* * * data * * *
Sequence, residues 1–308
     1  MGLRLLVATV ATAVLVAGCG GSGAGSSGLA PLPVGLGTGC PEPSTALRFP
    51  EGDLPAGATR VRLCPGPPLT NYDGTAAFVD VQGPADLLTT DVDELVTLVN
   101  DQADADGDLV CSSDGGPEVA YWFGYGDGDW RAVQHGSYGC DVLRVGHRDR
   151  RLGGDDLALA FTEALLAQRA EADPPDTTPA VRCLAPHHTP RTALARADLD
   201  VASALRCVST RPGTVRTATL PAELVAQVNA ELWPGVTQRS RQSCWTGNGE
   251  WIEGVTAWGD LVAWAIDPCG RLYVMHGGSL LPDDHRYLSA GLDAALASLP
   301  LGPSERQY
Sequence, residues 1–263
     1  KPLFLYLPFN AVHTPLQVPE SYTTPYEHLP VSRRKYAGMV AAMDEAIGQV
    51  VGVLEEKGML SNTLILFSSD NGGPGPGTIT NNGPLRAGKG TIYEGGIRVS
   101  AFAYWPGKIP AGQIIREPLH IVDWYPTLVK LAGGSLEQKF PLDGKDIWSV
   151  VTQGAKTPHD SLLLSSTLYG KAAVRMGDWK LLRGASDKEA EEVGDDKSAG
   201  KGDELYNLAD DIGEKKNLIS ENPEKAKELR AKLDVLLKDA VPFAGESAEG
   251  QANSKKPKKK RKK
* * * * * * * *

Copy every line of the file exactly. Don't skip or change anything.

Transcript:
Sequence, residues 1–308
     1  MGLRLLVATV ATAVLVAGCG GSGAGSSGLA PLPVGLGTGC PEPSTALRFP
    51  EGDLPAGATR VRLCPGPPLT NYDGTAAFVD VQGPADLLTT DVDELVTLVN
   101  DQADADGDLV CSSDGGPEVA YWFGYGDGDW RAVQHGSYGC DVLRVGHRDR
   151  RLGGDDLALA FTEALLAQRA EADPPDTTPA VRCLAPHHTP RTALARADLD
   201  VASALRCVST RPGTVRTATL PAELVAQVNA ELWPGVTQRS RQSCWTGNGE
   251  WIEGVTAWGD LVAWAIDPCG RLYVMHGGSL LPDDHRYLSA GLDAALASLP
   301  LGPSERQY
Sequence, residues 1–263
     1  KPLFLYLPFN AVHTPLQVPE SYTTPYEHLP VSRRKYAGMV AAMDEAIGQV
    51  VGVLEEKGML SNTLILFSSD NGGPGPGTIT NNGPLRAGKG TIYEGGIRVS
   101  AFAYWPGKIP AGQIIREPLH IVDWYPTLVK LAGGSLEQKF PLDGKDIWSV
   151  VTQGAKTPHD SLLLSSTLYG KAAVRMGDWK LLRGASDKEA EEVGDDKSAG
   201  KGDELYNLAD DIGEKKNLIS ENPEKAKELR AKLDVLLKDA VPFAGESAEG
   251  QANSKKPKKK RKK